Jerome and Adam seemed literally cut from the same cloth. They both had the same muscular build: strong chests and shoulders, thick arms, strong legs, and bubble butts. Both wore shirts that showcased their muscles and tight jeans. Both had trim mustaches on their top lips. Both had dark hair and dark eyes.

The trend continued, every couple looking different from every couple, but each boyfriend looking the same.

After the party, I went out to a local gay club with a few friends, and I noticed the same trend. Two beautiful Latin men dancing, with the same haircut and movement; two tall skinny “twinks”; two muscly men with parted hair and glasses.

I pointed this trend out to my friends and we began reviewing my close friends who are partnered, and realized the trend holds true, with only a few exceptions. Boyfriends seem to gain or lose weight together, to dress similarly, to have the same grooming habits.

At coffee with my friend Steven the next day, I pointed out a couple we know. “Look at them! They didn’t use to look the same, and now they are the exact same! They have the same jeans on, they both have their hair buzzed!”

“Come on, Chad, there are still differences,” he chided.

“What are they! I can’t see them!”

Steven smiled broadly. “Well, only one of them likes to knit.”

Some men seem to only date men that look like them. But for those who don’t, once you are partnered, just give it some time. You’re bound to become your boyfriend over time.

 

Overcoming heartbreak

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For as many love songs as there are out there, there seem to be just as many about heartbreak. Getting up, getting over, and getting on. Some artists have made their careers singing about breakups. Someone somewhere has an entire playlist of these all set up, ready for a large glass of wine and a good cry.

Try not to think about what might have been, cause that was then, and we’ve taken different roads.

The other day, on an evening out with friends, I ran into an ex unexpectedly. One of those guys that I never should have fallen for at the time, and yet it happened, unbidden. We made eye contact a few times in the crowd and I kept my attention divided, my head full of all kinds of thoughts.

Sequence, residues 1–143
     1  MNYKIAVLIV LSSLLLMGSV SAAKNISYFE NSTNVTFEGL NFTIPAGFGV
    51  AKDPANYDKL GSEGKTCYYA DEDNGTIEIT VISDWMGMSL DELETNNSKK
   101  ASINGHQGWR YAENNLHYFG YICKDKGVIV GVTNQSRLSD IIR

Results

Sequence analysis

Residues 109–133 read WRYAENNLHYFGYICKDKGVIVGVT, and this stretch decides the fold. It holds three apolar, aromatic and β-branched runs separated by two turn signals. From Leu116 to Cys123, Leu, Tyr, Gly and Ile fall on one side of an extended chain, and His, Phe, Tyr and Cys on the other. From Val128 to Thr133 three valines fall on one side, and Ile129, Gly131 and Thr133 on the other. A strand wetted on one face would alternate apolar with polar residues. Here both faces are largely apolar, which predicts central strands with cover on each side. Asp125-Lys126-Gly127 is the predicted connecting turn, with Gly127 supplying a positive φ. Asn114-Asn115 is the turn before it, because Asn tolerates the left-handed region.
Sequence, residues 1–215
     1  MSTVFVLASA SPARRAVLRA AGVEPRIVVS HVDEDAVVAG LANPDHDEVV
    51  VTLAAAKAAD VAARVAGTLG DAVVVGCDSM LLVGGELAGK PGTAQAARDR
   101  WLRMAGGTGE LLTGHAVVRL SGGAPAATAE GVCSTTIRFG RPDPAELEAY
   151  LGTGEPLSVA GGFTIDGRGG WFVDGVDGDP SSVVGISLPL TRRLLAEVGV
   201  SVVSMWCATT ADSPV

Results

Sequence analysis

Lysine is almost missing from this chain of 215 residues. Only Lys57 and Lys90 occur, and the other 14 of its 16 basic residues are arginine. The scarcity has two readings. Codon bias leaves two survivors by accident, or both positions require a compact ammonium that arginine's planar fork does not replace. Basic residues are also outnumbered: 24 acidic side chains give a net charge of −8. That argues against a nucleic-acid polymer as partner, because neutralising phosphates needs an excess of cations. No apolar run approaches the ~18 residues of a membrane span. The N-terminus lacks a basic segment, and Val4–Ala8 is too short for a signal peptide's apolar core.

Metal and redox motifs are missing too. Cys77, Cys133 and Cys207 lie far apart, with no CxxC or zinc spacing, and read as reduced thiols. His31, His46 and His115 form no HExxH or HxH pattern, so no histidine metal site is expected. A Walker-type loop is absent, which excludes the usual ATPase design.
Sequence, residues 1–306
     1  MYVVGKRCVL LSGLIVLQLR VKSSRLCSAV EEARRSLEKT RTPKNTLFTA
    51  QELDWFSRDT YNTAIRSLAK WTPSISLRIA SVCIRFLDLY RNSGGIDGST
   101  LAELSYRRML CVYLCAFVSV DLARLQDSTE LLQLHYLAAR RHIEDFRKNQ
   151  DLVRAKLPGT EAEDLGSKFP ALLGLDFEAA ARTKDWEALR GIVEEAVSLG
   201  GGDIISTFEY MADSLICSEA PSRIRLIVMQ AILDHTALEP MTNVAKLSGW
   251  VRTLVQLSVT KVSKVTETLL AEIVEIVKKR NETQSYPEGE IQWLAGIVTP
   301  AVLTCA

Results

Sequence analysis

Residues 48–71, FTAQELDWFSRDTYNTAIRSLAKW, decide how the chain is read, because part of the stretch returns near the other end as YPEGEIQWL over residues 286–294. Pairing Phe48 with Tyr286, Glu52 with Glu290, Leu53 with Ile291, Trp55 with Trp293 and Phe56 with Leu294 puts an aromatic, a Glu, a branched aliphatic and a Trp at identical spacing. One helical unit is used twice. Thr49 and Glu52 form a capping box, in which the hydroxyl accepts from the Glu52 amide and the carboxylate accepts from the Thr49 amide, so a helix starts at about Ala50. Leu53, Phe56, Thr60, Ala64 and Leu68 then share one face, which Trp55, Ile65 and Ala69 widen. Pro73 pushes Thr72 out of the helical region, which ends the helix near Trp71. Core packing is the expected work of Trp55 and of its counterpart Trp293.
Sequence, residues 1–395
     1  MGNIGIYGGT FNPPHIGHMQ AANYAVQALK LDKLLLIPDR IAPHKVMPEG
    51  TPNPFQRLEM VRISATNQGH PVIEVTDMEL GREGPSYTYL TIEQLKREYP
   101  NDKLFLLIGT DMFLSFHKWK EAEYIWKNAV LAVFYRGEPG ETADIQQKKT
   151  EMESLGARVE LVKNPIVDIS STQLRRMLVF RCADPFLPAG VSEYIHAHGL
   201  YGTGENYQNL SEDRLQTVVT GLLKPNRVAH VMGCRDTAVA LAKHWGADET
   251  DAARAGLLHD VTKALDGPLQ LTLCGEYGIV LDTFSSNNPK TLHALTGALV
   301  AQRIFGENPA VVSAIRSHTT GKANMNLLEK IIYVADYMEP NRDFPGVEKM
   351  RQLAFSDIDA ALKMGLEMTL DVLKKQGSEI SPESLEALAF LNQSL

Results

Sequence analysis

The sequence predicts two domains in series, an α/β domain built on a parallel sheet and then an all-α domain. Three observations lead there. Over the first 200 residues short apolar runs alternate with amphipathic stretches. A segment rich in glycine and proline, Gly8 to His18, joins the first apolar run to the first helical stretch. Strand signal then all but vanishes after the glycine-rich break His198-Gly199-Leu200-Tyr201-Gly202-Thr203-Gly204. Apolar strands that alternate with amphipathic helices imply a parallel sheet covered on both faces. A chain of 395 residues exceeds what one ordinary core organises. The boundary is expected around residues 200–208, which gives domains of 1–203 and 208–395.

The scars of your love remind me of us, they keep me thinking that we almost had it all. 

I remembered how things had just kind of happened magically between us, unplanned and unbidden. We had seemed to connect on every level. Great chemistry, great conversation, similar visions of the future. I hadn’t been looking for anything at the time, and had found myself sitting back in awe, wondering if maybe something good was coming my way. I introduced him to my friends, we checked in throughout the day, we spent a lot of time together but still had differing interests and activities. It had been wonderful.

I don’t want to talk about things we’ve gone through. Though it’s hurting me, now it’s history. 

And then, suddenly, it was over. Finished and done. He had respectfully talked to me one night and let me know that although it had been going well, his heart just wasn’t in it. I had completely understood. And yet, against my better judgment, had become a bit of a basketcase, going through all the stages of grief in just hours. He had wanted to stay friends, but I couldn’t have it both ways. And so months had gone by. And now here he was.

Un-break my heart, say you’ll love me again, undo this hurt you caused when you walked out the door and walked out of my life. 

I found myself going into a petty space in my brain, something all of us are capable of in moments of surprise, and a place I don’t go very often. I hoped he noticed what better shape I’m in now, wondered if he knew what he was missing out on, and thought I would impress him with my conversational skills, my easy laugh with friends, my confidence.

Sometimes it lasts in love, but sometimes it hurts instead.